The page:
The Higher English Folio and Equal Writes.

There won’t be an English teacher in Scotland out there who isn’t currently stressing over the marking of written Folio essays for both Higher and National 5 classes. A pile which never seems to shrink; another pupil who’d like you to take another look; the demoralising realisation that deadline day is fast approaching. Indeed, over the course of my eighteen years in teaching the assessment of writing in the senior phase has changed several times, arguably not in a good way. I would argue that, at a time when equity in education is so much in focus,  the way we assess writing now has never been so

The new exam system is now in its third year and, while this might surprise some,  I have been mostly pleased with it. Teaching Don Paterson poetry has been a joy; spending time with Hamlet has been fantastic. The rest has been a chore. Time seems to be constrained; deep learning, at times,  rare. However, the writing folio – one creative piece and one functional piece of  a maximum of thirteen hundred words each – is externally assessed by the SQA and is worth thirty percent of the final grade. So, a good grade for Folio can take you much of the way to a pass.

The writing is assessed using a marking grid which every teacher and pupil can access during the writing process. So far, so fair. But not really. It would be difficult to argue that the external assessment is unfair; perhaps there is an argument there but that’s for another day. The real problems become clear, however, when we consider the preparation and support given. The SQA guideline suggests ‘reasonable assistance’. It also says this;

‘Assessors should not provide specific advice on how to re-phrase or improve responses, or provide model answers specific to the candidate’s task. It is not acceptable for the assessor to provide key ideas, to provide a structure or plan, to suggest specific wording or to correct errors in spelling and/or punctuation. This would go beyond reasonable assistance.’

Those who can, rush straight to their tutors for help. And yes, despite the above advice, tutors do. Parents often insist upon it. Those who can afford it get more help. those who can’t, struggle on. Different approaches are followed all over the country. It’s a system which, while appearing to be equal in terms of assessment is, in fact, anything but.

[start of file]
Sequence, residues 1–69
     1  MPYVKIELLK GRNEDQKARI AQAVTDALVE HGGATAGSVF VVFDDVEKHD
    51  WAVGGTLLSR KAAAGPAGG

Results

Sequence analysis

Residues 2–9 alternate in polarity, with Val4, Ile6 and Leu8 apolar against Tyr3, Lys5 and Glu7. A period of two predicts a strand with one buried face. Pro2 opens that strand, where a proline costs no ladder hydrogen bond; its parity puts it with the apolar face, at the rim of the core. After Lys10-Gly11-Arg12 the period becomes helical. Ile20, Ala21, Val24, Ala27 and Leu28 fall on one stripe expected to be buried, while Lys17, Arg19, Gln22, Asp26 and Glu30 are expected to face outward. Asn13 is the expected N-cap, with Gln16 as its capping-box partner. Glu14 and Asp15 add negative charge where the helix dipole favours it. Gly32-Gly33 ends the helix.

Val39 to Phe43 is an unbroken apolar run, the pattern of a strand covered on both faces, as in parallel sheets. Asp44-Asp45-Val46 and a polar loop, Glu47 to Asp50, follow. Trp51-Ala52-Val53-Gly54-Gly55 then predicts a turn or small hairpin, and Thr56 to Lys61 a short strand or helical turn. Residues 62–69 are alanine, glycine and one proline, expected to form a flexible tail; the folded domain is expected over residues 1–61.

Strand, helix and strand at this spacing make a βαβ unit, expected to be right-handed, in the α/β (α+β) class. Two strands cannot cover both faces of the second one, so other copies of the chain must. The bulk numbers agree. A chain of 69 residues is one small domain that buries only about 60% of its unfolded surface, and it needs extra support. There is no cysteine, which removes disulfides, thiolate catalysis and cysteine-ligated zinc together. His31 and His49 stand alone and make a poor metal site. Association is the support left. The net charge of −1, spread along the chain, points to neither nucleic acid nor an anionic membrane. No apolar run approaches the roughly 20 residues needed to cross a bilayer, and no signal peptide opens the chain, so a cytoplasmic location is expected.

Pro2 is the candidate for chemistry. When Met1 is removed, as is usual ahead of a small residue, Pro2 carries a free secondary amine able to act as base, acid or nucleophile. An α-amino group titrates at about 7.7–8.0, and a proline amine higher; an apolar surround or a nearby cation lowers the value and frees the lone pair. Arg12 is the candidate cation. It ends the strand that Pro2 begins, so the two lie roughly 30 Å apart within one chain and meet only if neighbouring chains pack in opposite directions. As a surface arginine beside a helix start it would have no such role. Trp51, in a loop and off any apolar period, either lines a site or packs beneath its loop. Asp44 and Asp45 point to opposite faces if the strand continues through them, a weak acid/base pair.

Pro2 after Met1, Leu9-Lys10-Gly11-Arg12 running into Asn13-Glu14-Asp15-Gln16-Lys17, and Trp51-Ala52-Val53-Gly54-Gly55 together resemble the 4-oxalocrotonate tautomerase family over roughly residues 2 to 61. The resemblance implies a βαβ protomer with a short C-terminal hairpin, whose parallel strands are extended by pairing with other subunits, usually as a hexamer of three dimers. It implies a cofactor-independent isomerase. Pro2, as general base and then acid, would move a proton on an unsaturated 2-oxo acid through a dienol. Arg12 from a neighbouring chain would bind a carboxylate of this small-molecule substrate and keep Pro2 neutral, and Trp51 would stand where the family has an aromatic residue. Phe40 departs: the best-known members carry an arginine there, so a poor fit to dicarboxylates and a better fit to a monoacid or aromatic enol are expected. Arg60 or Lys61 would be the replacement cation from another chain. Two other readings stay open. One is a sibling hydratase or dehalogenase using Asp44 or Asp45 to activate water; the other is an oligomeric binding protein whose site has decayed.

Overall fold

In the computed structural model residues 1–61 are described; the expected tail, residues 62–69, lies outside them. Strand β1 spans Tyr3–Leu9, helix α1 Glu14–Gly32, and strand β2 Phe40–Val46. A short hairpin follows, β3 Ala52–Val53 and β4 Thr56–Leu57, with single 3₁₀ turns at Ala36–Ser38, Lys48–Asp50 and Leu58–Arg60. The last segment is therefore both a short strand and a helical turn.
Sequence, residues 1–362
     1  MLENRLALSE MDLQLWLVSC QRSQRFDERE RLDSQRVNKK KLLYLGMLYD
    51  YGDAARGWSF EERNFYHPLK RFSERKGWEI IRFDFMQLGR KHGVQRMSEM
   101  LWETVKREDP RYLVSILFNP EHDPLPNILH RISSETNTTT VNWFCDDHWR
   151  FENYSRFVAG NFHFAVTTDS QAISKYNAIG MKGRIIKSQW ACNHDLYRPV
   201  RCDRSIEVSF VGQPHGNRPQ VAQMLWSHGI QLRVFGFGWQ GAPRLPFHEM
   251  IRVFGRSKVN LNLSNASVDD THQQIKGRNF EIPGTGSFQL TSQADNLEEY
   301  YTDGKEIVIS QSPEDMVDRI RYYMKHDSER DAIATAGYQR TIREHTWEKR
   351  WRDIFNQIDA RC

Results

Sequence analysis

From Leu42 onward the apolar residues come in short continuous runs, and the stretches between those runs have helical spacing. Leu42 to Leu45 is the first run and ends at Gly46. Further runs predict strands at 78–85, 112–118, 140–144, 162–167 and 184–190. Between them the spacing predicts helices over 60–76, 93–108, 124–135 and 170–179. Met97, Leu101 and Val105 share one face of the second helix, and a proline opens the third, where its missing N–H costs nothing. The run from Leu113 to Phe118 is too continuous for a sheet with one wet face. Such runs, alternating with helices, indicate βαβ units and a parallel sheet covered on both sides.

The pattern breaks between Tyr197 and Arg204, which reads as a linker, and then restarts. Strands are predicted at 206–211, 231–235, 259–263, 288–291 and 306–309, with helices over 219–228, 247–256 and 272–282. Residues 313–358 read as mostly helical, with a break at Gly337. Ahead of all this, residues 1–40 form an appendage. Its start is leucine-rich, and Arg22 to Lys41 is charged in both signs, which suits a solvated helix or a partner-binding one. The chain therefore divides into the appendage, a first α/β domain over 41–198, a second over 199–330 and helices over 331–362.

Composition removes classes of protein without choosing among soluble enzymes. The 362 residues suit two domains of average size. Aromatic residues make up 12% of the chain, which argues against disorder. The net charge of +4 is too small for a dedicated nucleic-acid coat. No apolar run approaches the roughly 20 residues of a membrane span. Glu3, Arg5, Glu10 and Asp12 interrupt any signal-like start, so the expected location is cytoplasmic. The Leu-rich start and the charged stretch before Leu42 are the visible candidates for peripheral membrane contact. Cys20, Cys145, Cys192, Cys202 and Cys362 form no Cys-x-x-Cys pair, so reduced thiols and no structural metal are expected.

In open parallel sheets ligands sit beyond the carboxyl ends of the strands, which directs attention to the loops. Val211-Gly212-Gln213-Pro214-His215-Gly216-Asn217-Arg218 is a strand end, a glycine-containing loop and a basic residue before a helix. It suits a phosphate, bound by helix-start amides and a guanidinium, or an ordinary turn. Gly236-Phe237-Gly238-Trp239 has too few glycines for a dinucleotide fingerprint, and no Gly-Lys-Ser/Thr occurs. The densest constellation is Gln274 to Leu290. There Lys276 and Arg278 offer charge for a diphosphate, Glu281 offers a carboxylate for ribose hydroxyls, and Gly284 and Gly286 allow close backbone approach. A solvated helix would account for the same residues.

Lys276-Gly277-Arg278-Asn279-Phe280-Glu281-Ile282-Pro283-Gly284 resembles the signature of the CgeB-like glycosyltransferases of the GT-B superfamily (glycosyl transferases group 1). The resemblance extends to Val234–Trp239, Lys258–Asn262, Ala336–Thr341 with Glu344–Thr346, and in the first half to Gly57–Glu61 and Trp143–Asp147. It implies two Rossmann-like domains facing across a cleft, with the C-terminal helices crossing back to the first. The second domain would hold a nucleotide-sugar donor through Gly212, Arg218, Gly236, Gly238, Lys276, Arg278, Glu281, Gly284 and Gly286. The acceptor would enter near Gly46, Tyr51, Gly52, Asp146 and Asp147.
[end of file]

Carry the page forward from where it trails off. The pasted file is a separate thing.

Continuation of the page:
So perhaps, if we are to assess writing more fairly, it needs to return to the final exam. Why the hell not? It might re-emphasise our need to teach writing properly. Our whole curriculum was supposed to be a move away from our traditional exam system but it doesn’t appear to have worked. What was intended to be an attempt to narrow the gap appears to me to be exacerbating it. Let’s face up to that and do something about it.

One thought on “The Higher English Folio and Equal Writes.

  1. We have often had an issue with the ‘reasonable assistance’ on the ‘first draft’ which is then followed by your para quoted above. One could define it as being allowed to chat/scribble on the first draft and thereafter not a sausage. But yes, time and again I have caught kids or kids have accidentally said their tutor has looked over the draft. I know of several cases where their tutor or even their teacher has obviously typed the damm thing up for them. eg: A kid two years ago had to redo his discursive because he said his tutor had helped him. The replacement was also written in a similar vein using words he didn’t even know….also kids decide to submit a poem because their mate died despite the fact that it’s the worse poem ever and the creative they did originally was brilliant. They then fail miserably. Just too many things that add stress onto the teachers and the kids. The temptation is to fiddle the folio to get as near a third of the marks as possible and then we have to put up with tutors teaching ‘template essay’ answers that get twisted (often badly) to suit the actual exam question…aargh! These tutors should be dealt with by the GTCS. They KNOW they’re breaking the rules but don’t care. Even worse when they actually teach in a nearby school (or even the same department!) I agree with you that we should just have the exam. Teach them the skills and let them use them in an exam with little chance of fiddling the system, especially if you’re richer than the kid from the local poverty stricken area.

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